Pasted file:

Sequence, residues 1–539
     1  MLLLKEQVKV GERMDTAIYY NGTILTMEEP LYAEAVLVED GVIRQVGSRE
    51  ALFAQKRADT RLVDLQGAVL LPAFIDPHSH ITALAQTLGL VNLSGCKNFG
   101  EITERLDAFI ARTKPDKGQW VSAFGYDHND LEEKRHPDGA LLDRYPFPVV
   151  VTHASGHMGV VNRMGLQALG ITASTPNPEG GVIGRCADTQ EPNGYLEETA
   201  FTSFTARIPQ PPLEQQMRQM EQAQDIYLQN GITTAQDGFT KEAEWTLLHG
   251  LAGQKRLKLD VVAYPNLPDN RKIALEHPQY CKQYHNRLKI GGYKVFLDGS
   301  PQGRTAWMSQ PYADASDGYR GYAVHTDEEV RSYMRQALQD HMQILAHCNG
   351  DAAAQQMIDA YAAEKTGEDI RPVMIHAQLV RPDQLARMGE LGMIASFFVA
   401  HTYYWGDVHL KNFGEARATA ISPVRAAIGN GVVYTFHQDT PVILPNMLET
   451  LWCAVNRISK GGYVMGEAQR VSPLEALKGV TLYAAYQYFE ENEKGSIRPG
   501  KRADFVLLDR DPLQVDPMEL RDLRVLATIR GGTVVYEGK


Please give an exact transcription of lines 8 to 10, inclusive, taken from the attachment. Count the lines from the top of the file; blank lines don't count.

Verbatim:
   301  PQGRTAWMSQ PYADASDGYR GYAVHTDEEV RSYMRQALQD HMQILAHCNG
   351  DAAAQQMIDA YAAEKTGEDI RPVMIHAQLV RPDQLARMGE LGMIASFFVA
   401  HTYYWGDVHL KNFGEARATA ISPVRAAIGN GVVYTFHQDT PVILPNMLET